i) ADD: Arithmetic Function used to perform algebraic addition of the data in two source devices and store the result in a destination device. The source devices may be any constants or registers but the destination cannot be a constant. Function usage:
ADD [S1] [S2] [D]
Where [S1] and [S2] are source devices and [D] is a destination device. If the resultant value overflows or underflows, the flags M8022 or M8021 respectively are set and the result is stored in [D] along with the sign of the result.
ii) SUB: Arithmetic Function used to perform algebraic subtraction of the data in one source device from the other source device and store the result in the destination device. The source devices may be constants or registers but the destination device cannot be a constant. Function usage:
SUB [S1] [S2] [D]
Where [S1] and [S2] are source devices and [D] is a destination device. The data in S2 is subtracted from the data in S1. If the resultant value overflows or underflows, the flags M8022 or M8021 respectively are set and the result is stored in [D] along with the sign of the result.
iii) MUL: Arithmetic Function used to perform multiplication of the data from two source devices and store the result in a destination device. The source devices may be constants or registers but the destination device cannot be a constant. Function usage:
MUL [S1] [S2] [D]
Where [S1] and [S2] are source devices and [D] is a destination device. If using 16-bit mode, the function multiplies two 16-bit values and produces a 32-bit value. Else, if using 32-bit mode, the function multiplies two 32-bit values and produces a 64-bit value. This value is then stored using the destination device specified as the least of the two or four registers used for storage corresponding to storing a 32-bit or 64-bit value. In case of overflow, the higher order bits are lost.
Uses for D Registers and Special Diagnostic Auxiliary Relays M8000, M8002, M8033, and M8034
iv) DIV: Arithmetic Function used to divide the value in one source device by the value in another source device and store the result in a destination device. The source devices may be constants or registers but the destination device cannot be a constant. Function usage:
DIV [S1] [S2] [D]
Where [S1] and [S2] are source devices and [D] is a destination device. S1 is divided by S2. If using 16-bit mode, the function multiplies two 16-bit values and produces two 16-bit values. Else, if using 32-bit mode, the function multiplies two 32-bit values and produces two 32-bit values. These are the quotient and remainder, which are then stored using the destination device specified as the least of the two or four registers used for storage corresponding to storing a 32-bit or 64-bit value. In case S2 is zero, an operation error is executed and the DIV is not executed.
v) ZRST: Zone Reset is a Data Operation function which is used to reset an entire range of devices. Thus, it can be used to reset (set to 0) all counter, all high-speed counters, all timers, all registers, etc. or even a subset of these devices. The only limitation is that only one type of devices can be specified in a single Zone Reset function call. For example, the range of devices cannot include all timers and counters, or all standard counters and high-speed counters. Function Usage:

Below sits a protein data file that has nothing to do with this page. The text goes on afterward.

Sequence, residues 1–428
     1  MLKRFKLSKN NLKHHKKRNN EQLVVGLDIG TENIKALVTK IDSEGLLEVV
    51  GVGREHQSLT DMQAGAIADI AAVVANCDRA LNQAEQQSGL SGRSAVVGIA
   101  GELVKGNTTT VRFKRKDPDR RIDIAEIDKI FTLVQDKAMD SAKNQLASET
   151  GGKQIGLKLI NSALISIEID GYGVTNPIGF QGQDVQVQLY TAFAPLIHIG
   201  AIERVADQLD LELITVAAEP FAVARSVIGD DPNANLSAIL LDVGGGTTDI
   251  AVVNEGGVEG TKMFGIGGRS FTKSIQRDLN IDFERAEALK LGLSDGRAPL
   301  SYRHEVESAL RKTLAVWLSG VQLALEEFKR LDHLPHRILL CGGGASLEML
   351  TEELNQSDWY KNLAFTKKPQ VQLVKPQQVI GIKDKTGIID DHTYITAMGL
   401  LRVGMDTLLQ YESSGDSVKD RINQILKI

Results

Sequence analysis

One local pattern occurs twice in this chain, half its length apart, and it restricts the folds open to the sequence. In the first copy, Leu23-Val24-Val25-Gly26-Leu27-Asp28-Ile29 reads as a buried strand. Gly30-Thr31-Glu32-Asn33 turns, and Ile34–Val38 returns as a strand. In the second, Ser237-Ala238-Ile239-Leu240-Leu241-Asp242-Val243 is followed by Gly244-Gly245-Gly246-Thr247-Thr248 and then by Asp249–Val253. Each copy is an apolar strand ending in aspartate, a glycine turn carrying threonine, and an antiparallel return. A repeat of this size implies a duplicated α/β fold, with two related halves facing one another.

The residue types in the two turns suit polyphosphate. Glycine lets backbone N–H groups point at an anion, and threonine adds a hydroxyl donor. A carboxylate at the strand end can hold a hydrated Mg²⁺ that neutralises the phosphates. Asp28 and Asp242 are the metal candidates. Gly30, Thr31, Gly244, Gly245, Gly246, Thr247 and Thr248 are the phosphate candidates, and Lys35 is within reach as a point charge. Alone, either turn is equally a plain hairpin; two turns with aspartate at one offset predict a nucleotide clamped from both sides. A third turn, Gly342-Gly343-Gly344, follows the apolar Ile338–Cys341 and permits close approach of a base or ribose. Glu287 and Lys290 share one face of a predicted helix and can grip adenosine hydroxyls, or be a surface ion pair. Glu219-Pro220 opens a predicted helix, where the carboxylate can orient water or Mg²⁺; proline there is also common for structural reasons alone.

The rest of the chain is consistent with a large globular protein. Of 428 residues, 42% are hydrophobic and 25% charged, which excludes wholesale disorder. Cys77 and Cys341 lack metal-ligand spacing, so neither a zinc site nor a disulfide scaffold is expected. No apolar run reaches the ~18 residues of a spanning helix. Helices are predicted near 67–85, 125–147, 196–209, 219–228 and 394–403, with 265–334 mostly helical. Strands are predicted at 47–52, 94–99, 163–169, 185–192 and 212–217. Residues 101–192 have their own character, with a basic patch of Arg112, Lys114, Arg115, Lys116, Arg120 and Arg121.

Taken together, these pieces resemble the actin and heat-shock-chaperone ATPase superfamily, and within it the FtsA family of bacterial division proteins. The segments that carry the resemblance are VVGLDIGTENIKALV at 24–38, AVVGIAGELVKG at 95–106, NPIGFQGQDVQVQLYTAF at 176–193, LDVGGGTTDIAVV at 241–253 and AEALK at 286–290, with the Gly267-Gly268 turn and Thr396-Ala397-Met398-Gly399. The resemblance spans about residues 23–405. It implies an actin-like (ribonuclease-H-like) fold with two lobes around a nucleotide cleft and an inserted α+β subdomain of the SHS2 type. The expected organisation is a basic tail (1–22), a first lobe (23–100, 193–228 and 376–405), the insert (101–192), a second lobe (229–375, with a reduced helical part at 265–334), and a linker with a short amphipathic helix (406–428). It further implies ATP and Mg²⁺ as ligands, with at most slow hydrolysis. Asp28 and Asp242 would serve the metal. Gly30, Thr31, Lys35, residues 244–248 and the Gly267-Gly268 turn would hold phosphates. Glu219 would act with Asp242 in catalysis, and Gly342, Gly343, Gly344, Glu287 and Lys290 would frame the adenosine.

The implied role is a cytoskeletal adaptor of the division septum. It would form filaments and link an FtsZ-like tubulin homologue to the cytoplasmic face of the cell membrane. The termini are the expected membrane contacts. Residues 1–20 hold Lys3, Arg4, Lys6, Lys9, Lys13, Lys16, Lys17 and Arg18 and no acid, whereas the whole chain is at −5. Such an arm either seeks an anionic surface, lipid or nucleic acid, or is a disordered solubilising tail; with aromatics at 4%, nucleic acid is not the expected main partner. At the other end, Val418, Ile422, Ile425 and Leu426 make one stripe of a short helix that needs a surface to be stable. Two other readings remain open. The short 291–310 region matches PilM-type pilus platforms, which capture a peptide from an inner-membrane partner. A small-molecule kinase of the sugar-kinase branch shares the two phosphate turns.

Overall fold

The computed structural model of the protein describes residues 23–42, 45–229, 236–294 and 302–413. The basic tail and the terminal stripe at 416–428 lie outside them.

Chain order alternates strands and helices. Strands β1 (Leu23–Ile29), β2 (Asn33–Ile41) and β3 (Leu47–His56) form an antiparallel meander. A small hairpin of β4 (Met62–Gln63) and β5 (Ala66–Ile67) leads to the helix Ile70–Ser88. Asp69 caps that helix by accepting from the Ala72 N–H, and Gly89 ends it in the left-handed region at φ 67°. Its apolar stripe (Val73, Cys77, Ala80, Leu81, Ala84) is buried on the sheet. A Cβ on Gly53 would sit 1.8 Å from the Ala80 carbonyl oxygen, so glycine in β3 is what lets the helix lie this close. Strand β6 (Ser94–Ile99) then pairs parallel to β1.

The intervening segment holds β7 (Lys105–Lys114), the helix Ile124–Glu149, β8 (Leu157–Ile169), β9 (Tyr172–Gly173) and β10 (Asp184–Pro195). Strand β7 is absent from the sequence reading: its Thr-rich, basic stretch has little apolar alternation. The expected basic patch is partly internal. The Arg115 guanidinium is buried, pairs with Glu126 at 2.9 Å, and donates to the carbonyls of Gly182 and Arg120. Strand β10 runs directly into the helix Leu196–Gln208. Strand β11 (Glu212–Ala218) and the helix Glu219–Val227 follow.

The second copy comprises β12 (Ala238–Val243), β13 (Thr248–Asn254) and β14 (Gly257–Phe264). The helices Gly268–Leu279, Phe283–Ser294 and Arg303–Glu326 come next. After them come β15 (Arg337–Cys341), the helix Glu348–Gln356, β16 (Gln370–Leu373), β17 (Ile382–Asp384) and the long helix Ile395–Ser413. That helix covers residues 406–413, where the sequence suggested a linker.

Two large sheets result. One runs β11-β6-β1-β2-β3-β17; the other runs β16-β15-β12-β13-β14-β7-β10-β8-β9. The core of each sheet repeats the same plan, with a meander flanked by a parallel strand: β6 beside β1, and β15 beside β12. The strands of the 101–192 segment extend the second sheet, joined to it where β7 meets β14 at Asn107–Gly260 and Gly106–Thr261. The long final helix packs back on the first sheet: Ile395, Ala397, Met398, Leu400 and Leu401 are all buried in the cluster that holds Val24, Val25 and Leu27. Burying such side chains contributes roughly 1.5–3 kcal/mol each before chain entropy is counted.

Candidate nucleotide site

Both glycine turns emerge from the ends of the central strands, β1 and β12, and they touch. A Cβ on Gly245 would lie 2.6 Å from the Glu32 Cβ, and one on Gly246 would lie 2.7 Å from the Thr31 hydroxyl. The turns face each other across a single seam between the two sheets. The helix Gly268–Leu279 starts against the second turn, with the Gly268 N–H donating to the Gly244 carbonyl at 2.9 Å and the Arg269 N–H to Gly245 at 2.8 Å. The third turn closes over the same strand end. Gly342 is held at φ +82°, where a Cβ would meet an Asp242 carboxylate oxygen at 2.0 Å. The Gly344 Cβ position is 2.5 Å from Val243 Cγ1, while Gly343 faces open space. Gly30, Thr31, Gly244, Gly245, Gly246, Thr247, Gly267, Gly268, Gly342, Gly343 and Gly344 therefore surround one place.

ZRST [D1] [D2]
Where D1 is the first device and D2 is the last device in the range of devices to be reset. If D1 > D2 then only D1 will be reset.
vi) CMP: Compare Function used to perform an algebraic comparison of the values of two Source devices and store the result (less than, equal to or greater than) in three consecutive bit registers, the first of which is the destination device specified. Function Usage:
CMP [S1] [S2] [D]
Where S1 and S2 are the source devices whose values are to be compared and D is the destination device.
vii) ZCP: Compare Function used to compare a single source device’s value against a range of values and the results are stored in a destination device in the same manner as a standard compare function. Function Usage:
ZCP [S1] [S2] [S3] [D]
Where S3 is the source device which is to be compared and S1-S2 is the range against which it is compared. D is the destination device.
i) D (Data) Registers: Data registers, as indicated by the name, are storage devices used for holding 16 or 32 bit values. These values may be numeric data or bit patterns. General Use registers can hold data temporarily, i.e. for one program scan unless the M8033 relay is ON. Battery Backed/Latched registers always retain data over multiple program scans unless it is overwritten. Special Diagnostic registers are used to indicate specific states of the PLC and used for debugging purposes, and also retain their values over program scans. They are reset when the power is first turned ON.
Externally adjustable registers contain a value of 0 to 255 which is controlled using pots provided on the PLC itself.
ii) Special Diagnostic Auxiliary Relays M8000, M8002, M8033 and M8034: These diagnostic relays serve to indicate fixed pre-determined statuses or setting/resetting them causes the PLC to drive specific coils.
The M8000 indicates that the PLC is currently running i.e. it is ON during runs.
The M8002 registers a pulse at the moment when power is turned ON to the PLC.
The M8033, when SET, causes all output statuses to be retained after the operation of the PLC is stopped.
The M8034, when SET, disables all outputs.